Today is the first day of spring, and the sun forgot to show up. Instead, a light rain drizzled down on the city, and while it wasn’t snow, it was still not idea. Even so, as I ran next to Lake Michigan this morning, the birds were out singing and a light wind rustled through the trees. It was a sign that a softer, sweeter time is on the horizon.
It’s been a rough winter. As I eluded to back in December, my husband and I were dealt a major life challenge right before the holidays. Ethan lost his job, and with me being in school full-time, this was a huge blow to us, and it has been a rough few months. His job search led him to a different career path, and we beyond grateful to our families stepped up in helping us pay for some necessities that we can’t cover and our friends who were there to support in this most trying time. However, we are still in it, and while we think we are finally headed down a road to normal, there is never going back to where we were. That’s gone.
Over the last five months, I all I have wanted is for my husband to come home and say he got a new job. Then, the tightness in my shoulders would fade. I could sleep through the night. And, I could go back to being just a graduate student. That moment, though, never came. Like the last time he was without work, he often came close but not enough for the offer.
After one particular rejection, I lost it. I got the news before boarding the train south down into the Loop, and I cried throughout the entire public ride and on the street. I screamed at the sky, wondering why God, the fates, the Universe had been so cruel to my family and I. I stared at my phone, waiting for someone to text me something that would make all the pain and heartache go away. Some friends and family did try to comfort me, but it wasn’t enough. Instead, I went to my favorite fast food restaurant and ordered everything I wanted, and that too wasn’t enough. For months, I had been doing whatever I could to help us fix this – working extra shifts at my part-time job, connecting Ethan to people who might help get him an in, offering suggestions, pouring over our budget – but nothing I did could undo this setback. Which is how I felt that day, no matter what I tried, I couldn’t numb the pain enough. All that was left was to endure it and hold on tight enough to get through the other end.
A depression has taken hold of me. I’ve been entertaining more vices – sleeping, drinking, eating, scrolling, isolating. I have not written nor do I have any nails left. I am close to yelling at strangers and often do yell at my husband. So much anger has popped out of me that it’s surprised even myself. I cry easily or burst into a fit. It doesn’t take much these days to send me into a downward spiral.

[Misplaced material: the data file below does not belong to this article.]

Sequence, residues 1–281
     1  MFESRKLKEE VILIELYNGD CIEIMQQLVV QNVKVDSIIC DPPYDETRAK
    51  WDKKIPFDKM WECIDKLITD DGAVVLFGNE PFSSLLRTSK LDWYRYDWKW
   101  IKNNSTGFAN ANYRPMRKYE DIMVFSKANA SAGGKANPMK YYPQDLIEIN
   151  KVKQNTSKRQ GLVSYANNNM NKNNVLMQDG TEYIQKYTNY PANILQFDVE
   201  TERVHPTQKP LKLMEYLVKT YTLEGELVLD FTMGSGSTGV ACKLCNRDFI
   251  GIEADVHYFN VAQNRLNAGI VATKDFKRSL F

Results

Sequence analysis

I know it’s hard to see why this has bothered me so much. Five years ago, if someone who had said that I would be so upset because my husband lost his job, I would have said, “Wait, aren’t I just happy to have a husband?” This is his problem, not mine, even though I also lost my health insurance and have to pay more for everyday expenses than we planned I would while in school. Also, we come from enough privilege that we are financially OK, and to be honest, I have more money in my bank account now than I did a year ago (does it count if a good chunk of that belongs to the federal government? No? OK, great.).
For a normal person, like my husband, this is a just a hurdle in a long life full of them. It sucks, but you know you will make it out because life often rebounds. He has actually been rather optimistic, and is even happier. However, I have anxiety and depression, so events like this send me into a dark and hairy place. Add school and working two jobs to the anxiety, and you have a tried-and-true recipe for a breakdown. This winter, my head went to a very, very bad place, and there were times I was certain I couldn’t pull myself out of it. I felt unloveable, like I was failing at all things, and that I would absolutely never be OK again.
And right when I thought I could never feel relief again, I decided that I would. I woke up the next day and vowed to be in control of my thoughts and reactions. I could make the universe give me what I want, but I could want what I already had. The sun shined that day, the temps rose a bit, and my shoulders were a bit more relaxed. As the season began to change, so did my soul. If I wanted to be OK again, well I already had everything inside of me to make it so.
It doesn’t quite feel like spring, nor do I feel like myself again, but there are signs both are coming. Like the birds that sang me through my run this morning, as I smiled and thanked the heavens for their song. They were welcoming a brand new season, for me and all of us. I don’t know what summer will bring, but I will greet it with hope.